Trump Signs One In, Two Out Order to Slash Federal Regulations

Trump signs the executive order to cut regulations on Monday. Trump signs the executive order to cut regulations on Monday. Pablo Martinez Monsivais/AP

Federal agencies will soon have to significantly cut back their regulatory footprints, with President Trump on Monday signing an executive order that would require the government to shrink the costs of its regulations.

The executive order follows through on a campaign promise; starting immediately, federal agencies must cut two regulations for every one they institute. In fiscal 2017, agencies must have a net zero impact on regulatory costs. Starting in fiscal 2018, agencies must offset the costs of every new regulation by eliminating costs associated with at least two existing regulations. Also starting in the fiscal 2018 budget, the Office of Management and Budget director will create a cap for each agency dictating the regulatory costs they will be able to implement and cut annually.

White House Press Secretary Sean Spicer called the order the “most significant administrative action in the world of regulatory reform since President Reagan created” the Office of Information and Regulatory Affairs in 1981.

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The OMB director will also create guidance to standardize how costs are measured. A Trump administration official told reporters the order “puts in place a process” for OMB to “work with all the agencies to manage their own regulatory review process.” Trump said last week he would slash regulations by 75 percent, though neither the order nor the officials addressed that claim. White House officials said the across-the-board regulatory freeze previously implemented by Chief of Staff Reince Priebus is now beginning to thaw.

Officials also said the timing must still be sorted out on exactly when agencies need to identify the outgoing regulations, and if that must happen in advance of a new regulation being issued. Agencies are currently identifying to OMB and the White House regulations that can be cut, the administration officials said. They added “the intention” as of now is to make public the regulations that are being eliminated.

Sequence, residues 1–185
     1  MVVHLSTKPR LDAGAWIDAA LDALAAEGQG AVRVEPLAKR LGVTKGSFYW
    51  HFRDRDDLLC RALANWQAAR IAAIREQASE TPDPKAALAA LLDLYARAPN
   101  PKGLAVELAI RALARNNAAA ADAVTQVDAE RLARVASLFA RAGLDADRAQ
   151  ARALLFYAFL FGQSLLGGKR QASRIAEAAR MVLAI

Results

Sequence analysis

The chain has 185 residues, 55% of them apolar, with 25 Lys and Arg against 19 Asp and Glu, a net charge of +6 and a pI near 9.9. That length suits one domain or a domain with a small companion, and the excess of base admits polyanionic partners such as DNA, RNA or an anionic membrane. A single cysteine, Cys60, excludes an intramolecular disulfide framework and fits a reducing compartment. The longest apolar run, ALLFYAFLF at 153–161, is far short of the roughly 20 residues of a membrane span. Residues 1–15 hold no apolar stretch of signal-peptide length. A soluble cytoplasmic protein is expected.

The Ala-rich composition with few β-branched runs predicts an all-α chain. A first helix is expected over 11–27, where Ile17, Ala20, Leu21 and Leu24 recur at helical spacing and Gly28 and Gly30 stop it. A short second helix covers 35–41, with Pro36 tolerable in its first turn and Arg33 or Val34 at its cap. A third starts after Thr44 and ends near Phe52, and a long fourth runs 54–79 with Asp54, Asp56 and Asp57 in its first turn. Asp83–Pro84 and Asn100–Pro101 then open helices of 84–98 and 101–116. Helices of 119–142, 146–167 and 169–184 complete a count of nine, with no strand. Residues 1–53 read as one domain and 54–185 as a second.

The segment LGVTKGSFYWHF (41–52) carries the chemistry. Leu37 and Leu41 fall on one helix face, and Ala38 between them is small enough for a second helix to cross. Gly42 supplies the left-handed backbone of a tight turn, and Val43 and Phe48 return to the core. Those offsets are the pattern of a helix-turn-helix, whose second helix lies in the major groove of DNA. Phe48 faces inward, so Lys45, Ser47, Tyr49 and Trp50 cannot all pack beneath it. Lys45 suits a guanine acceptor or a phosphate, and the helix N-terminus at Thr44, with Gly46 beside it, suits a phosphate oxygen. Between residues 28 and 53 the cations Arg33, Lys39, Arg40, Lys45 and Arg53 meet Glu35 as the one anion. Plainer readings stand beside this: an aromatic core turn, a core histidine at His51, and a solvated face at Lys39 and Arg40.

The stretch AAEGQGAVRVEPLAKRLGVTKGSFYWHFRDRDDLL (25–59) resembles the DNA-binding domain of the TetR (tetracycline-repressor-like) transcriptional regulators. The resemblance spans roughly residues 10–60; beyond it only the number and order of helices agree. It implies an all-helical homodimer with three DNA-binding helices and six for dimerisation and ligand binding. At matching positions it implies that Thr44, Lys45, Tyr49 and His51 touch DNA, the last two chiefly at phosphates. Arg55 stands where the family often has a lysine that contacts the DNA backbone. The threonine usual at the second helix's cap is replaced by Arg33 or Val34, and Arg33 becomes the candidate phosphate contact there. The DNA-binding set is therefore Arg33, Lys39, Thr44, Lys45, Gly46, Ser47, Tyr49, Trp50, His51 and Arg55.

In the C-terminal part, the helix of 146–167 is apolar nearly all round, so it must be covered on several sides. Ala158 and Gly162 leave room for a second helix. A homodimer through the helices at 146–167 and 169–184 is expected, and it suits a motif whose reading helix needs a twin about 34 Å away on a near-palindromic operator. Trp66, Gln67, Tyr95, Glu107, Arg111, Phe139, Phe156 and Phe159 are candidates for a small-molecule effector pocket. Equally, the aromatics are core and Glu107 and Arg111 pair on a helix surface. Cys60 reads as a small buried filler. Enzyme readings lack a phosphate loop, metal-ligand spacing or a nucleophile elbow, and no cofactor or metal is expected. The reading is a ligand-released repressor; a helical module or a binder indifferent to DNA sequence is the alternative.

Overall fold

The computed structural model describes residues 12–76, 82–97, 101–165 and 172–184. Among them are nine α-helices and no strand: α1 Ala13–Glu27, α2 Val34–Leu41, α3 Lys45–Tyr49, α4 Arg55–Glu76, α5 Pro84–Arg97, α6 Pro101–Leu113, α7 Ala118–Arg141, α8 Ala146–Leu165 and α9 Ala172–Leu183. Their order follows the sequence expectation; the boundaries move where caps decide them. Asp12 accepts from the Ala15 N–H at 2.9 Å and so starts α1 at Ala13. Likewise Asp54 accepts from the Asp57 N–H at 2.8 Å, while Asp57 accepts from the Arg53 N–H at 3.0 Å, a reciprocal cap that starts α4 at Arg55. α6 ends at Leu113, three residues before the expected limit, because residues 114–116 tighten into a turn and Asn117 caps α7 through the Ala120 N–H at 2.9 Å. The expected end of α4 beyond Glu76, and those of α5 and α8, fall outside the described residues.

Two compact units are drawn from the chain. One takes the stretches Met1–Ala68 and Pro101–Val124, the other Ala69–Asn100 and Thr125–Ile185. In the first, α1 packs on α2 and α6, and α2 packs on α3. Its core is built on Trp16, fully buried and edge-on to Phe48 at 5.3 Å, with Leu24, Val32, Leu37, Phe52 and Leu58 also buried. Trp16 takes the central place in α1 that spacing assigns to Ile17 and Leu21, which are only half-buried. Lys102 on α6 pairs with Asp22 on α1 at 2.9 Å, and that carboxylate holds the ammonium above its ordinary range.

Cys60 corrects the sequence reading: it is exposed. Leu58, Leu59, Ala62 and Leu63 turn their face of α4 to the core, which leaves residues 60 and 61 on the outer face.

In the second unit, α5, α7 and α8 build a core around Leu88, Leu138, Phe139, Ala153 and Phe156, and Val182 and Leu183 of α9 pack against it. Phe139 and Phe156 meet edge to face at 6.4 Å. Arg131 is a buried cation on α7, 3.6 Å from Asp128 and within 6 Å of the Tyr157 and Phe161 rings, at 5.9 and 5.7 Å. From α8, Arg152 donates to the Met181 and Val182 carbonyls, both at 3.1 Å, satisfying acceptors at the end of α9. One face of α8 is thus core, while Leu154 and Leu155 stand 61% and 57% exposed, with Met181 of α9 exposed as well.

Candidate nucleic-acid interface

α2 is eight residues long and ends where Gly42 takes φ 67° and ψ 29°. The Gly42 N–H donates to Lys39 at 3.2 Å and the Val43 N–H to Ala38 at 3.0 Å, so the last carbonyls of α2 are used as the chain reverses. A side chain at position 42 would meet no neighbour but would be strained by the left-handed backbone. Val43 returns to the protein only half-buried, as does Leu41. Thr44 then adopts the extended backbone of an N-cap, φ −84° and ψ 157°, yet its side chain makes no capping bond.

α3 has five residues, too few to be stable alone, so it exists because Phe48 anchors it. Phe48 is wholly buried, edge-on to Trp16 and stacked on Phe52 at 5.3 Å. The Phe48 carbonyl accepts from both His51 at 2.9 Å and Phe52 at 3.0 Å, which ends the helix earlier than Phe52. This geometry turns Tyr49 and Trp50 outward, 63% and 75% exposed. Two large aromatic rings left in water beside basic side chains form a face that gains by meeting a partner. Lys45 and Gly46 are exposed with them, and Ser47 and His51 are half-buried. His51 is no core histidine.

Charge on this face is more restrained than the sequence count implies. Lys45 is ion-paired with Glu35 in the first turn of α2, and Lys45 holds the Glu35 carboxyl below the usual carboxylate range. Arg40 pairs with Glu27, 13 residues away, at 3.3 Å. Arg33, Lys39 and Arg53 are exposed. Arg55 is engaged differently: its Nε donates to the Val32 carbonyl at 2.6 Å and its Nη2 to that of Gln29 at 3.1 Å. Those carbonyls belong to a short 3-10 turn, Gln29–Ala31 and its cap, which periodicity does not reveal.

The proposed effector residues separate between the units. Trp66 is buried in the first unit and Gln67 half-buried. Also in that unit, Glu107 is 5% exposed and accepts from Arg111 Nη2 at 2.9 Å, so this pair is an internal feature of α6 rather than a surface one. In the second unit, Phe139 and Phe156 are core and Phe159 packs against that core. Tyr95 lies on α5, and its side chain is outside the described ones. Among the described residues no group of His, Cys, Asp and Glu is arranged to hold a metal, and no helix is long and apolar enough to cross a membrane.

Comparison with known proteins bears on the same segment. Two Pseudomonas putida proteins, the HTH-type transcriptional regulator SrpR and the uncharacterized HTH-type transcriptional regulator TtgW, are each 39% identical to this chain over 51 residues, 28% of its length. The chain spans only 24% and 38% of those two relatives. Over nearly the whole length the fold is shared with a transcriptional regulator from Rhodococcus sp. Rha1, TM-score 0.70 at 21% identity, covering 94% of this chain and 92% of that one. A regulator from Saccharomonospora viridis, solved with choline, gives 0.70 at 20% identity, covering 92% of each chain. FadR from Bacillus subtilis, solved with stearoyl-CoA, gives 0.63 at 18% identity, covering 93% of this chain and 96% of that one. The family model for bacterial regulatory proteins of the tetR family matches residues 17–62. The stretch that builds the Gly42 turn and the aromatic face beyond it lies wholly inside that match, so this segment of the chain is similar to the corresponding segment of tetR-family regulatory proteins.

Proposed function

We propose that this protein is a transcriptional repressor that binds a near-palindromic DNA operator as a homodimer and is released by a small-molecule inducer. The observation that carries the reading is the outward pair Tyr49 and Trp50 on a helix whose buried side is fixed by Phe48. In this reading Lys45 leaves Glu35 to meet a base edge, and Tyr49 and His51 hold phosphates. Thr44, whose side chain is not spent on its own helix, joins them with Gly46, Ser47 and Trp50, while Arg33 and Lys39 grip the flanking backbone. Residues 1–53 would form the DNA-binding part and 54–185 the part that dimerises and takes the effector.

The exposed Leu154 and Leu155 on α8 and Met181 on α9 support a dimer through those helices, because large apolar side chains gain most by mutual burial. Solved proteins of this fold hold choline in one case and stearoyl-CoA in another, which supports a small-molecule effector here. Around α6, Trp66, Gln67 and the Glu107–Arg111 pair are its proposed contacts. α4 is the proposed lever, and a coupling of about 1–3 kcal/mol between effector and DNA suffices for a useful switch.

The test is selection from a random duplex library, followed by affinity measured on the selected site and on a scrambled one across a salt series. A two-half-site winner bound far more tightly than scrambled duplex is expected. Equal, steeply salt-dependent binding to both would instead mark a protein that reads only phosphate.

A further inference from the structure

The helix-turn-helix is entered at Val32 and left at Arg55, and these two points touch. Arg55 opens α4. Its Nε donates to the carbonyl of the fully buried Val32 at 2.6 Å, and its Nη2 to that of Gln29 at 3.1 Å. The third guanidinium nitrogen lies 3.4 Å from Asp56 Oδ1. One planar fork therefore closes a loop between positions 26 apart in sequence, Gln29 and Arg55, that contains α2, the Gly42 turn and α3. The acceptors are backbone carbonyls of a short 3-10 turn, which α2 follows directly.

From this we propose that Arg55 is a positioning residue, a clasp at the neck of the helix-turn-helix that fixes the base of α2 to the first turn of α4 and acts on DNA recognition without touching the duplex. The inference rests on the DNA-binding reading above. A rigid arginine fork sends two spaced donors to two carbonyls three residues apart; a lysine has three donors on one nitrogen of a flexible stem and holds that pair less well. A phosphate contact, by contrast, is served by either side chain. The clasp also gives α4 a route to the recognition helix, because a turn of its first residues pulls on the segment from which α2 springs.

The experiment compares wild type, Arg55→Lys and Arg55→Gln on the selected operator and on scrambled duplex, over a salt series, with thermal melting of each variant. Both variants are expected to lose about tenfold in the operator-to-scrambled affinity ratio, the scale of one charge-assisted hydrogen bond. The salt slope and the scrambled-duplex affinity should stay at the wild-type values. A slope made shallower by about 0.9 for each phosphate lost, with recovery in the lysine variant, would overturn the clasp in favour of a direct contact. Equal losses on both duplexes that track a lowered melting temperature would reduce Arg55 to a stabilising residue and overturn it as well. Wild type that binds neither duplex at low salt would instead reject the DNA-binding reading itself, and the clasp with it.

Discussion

The order allows for exemptions in cases of national security and emergencies.

Susan Dudley, who served as OIRA administrator under President George W. Bush, recently told Government Executive the difficulty of Trump’s regulatory agenda would come after the executive order.

“Operationally it’s going to be complicated to put into place,” said Dudley, who is now director at The George Washington University’s Regulatory Studies Center.

Those difficulties will take many forms; first, both the Bush and Obama administrations have already completed retrospective reviews that attempted to eliminate or streamline high-impact, unnecessarily burdensome regulations. The “low-hanging fruit” has already been picked, according to Amit Narang, a regulatory policy expert for Public Citizen.

“And the previous administrations did not find it easy,” Dudley added.

The Trump administration could also run into pushback from multiple avenues. Consumer groups such as Narang’s Public Citizen have warned Trump risks endangering the public by requiring a rollback of rules meant to protect Americans. Businesses may actually want to keep certain regulations on the books that have required them to make capital investments, as a repeal would give their competitors an advantage. Agencies themselves could also find it difficult to eliminate rules their employees think help carry out their missions, and they could decline to implement the regulations the Trump administration actually wants as leverage to protect those already on the books.

Young agencies, such as the Consumer Financial Protection Bureau, Narang said, may be hard-pressed to identify enough regulations to unwind, as they simply have not issued that many. The Environmental Protection Agency, as it releases a long-anticipated regulation on lead in drinking water, could be forced to roll back its existing rules on the subject.

Federal agencies will have to figure out to meet their statutory requirements while scaling back their regulatory reach, Dudley said. A positive impact of the policy, she said, is that it would give agencies incentives to focus on existing regulations, “what their impact is and how well they’re working.”

The current policy encourages agencies "really to think of the next regulation rather than to look back,” she said, adding the change could help agencies challenge their assumptions and calculations on cost-benefit analyses.

If agencies are forced to squeeze regulations into a certain cost framework, however, Narang argued it would “completely ignore the benefit side of the equation.”

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